Marie Antoinette was having an affair

Marie Antoinette († 37) Weren't two of your children from the king?

It was not love that led 14-year-old Maria Antonia of Austria to the French heir to the throne Ludwig-Auguste, who was only a year older, in 1770. The tried and tested procedure of the Habsburgs to continuously expand their rule in Europe with the help of a rigorous marriage policy forced the very young hereditary duchess to marry the Dauphin and gave her a name that has become an indispensable part of the history books: Marie Antoinette. She owes her fame above all to her own fateful role in the French Revolution, which cost her her life at the guillotine in 1793. But the way to get there is still fascinating.

The enemy at my court

Inexperienced and naive, the Austrian entered the society of the French high nobility. Marie Antoinette quickly became her sister-in-law's plaything. Her good nature made her the victim of numerous scoffs and intrigues. After all, it would take three years for the Dauphine to gain the confidence to take advantage of their position at the court of Versailles.

While much of the French population lived in poverty, Marie Antoinette indulged in abundance. When she was made queen in 1774 (her husband became Louis XVI), her decadent lifestyle became immoral. “If they don't have bread, they should eat cake” - a saying that is still said to her today. Wrong: The fictional quote was circulated by their enemies on the eve of the French Revolution. And Marie Antoinette had enough enemies at court, often just contemptuously called “the Austrian woman”.

Wasn't the crown prince the king's son at all?

Gossip topic number one has been the queen's love life for many years. It wasn't until eight years after the wedding - an eternity back then - that she gave birth to her first child, a daughter. In 1781, the long-awaited heir to the throne, Louis Joseph, was born, although he still died in childhood. His younger brother Louis Charles (born 1785) then became Crown Prince. But the boy drove the talk at court even further: because supposedly he should not have been the real son of the king's son ...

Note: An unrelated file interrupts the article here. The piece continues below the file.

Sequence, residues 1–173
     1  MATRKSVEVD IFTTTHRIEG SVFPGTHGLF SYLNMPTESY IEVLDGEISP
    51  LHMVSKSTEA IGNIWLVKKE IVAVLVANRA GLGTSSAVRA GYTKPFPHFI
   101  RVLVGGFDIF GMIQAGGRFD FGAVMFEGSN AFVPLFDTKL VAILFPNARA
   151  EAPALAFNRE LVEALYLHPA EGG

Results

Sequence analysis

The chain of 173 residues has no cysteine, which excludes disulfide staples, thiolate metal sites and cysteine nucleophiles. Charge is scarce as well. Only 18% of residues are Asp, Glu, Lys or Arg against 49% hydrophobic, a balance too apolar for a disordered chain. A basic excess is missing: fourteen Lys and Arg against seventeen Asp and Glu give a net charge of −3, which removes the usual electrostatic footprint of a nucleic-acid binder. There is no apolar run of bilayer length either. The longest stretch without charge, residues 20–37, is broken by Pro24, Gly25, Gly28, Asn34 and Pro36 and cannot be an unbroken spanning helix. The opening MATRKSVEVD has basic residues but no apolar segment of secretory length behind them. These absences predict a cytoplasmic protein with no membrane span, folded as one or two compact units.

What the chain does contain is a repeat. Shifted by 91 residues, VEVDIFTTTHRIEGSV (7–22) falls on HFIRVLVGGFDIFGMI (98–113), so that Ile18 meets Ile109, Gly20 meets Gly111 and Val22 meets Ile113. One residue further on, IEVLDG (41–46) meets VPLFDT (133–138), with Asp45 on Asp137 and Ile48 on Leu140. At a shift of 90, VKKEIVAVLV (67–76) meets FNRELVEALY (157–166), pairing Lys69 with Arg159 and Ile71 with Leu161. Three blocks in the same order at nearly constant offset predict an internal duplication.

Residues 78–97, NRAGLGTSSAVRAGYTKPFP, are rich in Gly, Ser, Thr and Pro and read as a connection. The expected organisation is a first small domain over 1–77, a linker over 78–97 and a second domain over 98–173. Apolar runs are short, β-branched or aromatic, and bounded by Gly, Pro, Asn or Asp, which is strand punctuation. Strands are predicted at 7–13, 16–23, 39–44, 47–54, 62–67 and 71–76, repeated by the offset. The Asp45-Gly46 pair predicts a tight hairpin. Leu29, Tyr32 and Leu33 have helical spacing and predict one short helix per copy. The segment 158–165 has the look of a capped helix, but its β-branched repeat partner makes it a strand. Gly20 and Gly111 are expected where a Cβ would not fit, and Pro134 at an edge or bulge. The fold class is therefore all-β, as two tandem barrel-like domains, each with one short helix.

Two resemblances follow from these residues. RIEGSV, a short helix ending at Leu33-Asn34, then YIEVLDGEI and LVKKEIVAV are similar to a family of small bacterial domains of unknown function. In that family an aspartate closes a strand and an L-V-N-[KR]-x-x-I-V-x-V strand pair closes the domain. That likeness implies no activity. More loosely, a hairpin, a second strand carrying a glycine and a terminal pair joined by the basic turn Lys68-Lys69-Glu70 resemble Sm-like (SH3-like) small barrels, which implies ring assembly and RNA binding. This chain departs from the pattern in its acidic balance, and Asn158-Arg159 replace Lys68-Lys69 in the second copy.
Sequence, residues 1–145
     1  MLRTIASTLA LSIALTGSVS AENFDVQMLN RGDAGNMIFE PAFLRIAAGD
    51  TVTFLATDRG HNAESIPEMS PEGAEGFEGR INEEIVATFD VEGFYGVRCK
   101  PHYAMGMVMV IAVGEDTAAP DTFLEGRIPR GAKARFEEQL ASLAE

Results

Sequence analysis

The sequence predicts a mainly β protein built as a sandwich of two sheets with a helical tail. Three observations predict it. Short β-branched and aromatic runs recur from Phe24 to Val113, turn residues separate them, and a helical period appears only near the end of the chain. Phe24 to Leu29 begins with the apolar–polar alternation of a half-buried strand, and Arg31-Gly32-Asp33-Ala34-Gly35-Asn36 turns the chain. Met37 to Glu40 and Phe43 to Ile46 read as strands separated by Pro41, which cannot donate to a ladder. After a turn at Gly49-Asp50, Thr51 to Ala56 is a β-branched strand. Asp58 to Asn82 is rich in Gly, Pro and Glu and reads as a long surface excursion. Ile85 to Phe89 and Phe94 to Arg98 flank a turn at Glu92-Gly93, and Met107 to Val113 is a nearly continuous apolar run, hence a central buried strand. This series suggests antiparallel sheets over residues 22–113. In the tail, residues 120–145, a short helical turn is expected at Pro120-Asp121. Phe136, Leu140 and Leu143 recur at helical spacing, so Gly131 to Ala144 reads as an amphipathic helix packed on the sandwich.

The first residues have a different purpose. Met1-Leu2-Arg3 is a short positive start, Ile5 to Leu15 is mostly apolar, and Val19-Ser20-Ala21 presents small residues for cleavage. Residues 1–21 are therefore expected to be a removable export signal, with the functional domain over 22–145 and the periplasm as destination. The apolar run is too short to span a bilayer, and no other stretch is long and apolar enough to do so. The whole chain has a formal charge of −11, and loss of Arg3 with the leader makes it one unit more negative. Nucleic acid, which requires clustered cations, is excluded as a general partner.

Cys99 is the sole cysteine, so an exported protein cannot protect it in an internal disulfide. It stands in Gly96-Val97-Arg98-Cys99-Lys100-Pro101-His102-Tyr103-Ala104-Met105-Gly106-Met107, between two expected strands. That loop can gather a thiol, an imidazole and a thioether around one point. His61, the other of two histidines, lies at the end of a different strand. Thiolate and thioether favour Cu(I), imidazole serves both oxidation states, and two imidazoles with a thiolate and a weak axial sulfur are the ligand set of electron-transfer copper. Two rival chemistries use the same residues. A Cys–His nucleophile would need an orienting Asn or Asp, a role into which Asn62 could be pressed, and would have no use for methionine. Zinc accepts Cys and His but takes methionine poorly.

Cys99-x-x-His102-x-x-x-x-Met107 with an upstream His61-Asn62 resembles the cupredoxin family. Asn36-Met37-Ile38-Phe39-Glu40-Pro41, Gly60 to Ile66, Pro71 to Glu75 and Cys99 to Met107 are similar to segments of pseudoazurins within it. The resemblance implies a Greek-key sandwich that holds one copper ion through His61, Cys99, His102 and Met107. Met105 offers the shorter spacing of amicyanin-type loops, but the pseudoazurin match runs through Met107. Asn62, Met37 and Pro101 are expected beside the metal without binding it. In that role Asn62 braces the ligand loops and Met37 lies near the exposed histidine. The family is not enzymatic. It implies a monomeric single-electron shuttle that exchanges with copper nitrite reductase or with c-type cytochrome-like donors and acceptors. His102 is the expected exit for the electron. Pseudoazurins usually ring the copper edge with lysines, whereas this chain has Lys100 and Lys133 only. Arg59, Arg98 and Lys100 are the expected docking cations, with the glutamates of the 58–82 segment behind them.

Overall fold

Code name: Madame Brown

It was no secret that Count Axel von Fersen was a favorite of Marie Antoinette. When the Swede with north German roots moved to France in 1783, the two had been correspondence for ten years. Numerous letters, which are still in good condition, bear witness to the emotional relationship. But the lovers were careful: aliases (she was “Madame Brown”), invisible ink and blackened areas made it impossible for outsiders to completely decipher the messages.

But the nobility glowed for the gossip, and when the queen gave birth to her second son (Louis Charles), who looked little like her first, the aristocracy seemed to know no other subject even across national borders. For many it was clear that King Louis XVI. It was impossible to be the father of the newborn, as everyone knew that Marie Antoinette spent more time with the Count von Fersen than with her husband. At that time, however, these claims could not be substantiated; the DNA test was not invented until 200 years later.

"I only live to love you"